You’ll first find a changing room with lockers. Take off all of your clothes and place them, along with your belongings, in the locker. DO NOT use your phone or camera in the sections where there will be nude Japanese people unless you want to visit a local jail cell. Keep only your small towel, hair tie, and toiletries with you. Do not wear a swimsuit or any other clothing.
Now that you have stripped down to your birthday suit, it’s time to enter the bathing area. If you are thinking you might need to use the toilet, please do that first. In most onsen, you will see rows of showers along the sides, wooden or plastic seats and buckets, and a number of indoor and outdoor baths. Some onsen have only one or two tubs, while some larger ones will have five or even more.
The tubs will look enticing, but don’t enter them without cleaning yourself first. Bathing is first and foremost a relaxing endeavor in the so-called “Land of the Rising Sun” so people cleanse themselves first. Remember, Japanese onsen water is shared with others. It’s important to be as clean as possible before entering.
First, pull up a bucket and a stool and park yourself at an empty shower. Now, thoroughly wash yourself head-to-toe. This means shampooing, lathering up your whole body with soap, and giving yourself a good washing. Use your small towel to help scrub your skin clean. Don’t miss any spots, and make sure to rinse off completely. Some establishments ban certain types of scrubs. If you have brought your own, check if it’s OK to use first.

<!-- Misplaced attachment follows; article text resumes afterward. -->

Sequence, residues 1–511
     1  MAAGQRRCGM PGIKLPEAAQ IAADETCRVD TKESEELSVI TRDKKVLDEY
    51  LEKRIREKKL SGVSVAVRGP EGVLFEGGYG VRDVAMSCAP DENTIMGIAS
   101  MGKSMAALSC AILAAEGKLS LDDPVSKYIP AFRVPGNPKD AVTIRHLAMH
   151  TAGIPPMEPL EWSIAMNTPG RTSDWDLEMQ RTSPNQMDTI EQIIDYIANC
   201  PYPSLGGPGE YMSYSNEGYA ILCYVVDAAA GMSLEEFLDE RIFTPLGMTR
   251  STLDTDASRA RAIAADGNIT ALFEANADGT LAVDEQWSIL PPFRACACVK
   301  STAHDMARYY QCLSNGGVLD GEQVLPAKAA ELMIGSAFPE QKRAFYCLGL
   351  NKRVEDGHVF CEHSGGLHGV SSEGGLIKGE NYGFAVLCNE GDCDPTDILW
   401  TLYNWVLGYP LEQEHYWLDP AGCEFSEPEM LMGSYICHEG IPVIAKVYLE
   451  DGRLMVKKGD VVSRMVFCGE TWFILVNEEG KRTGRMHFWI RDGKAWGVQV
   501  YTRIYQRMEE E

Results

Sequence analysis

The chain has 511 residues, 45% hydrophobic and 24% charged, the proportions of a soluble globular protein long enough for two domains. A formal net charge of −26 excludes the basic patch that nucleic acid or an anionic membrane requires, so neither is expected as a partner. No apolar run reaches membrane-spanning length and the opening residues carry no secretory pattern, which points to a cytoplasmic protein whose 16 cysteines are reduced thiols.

After you shower, wash the soap off of your stool and shower area. Make sure to rinse your hand towel clean as well. Return any shampoo, soap, or other amenities to their places. If you brought your own items, there will be baskets or buckets that you can keep them in. If you have longer locks, tie them up into a bun or high ponytail so that it never touch the bath water.
Enjoy Soaking in a Japanese Onsen
Now you’re finally set to head for the healing waters! Some bathers casually hold their small towel in front of their crotch area for modesty purposes. Feel free to do this if you are shy but do note that there will be some who just show it all. Whatever you do, just remember that cloth should NEVER enter the onsen bath itself. Once you’re in, most people fold up their towelettes and place them on their heads while they bathe.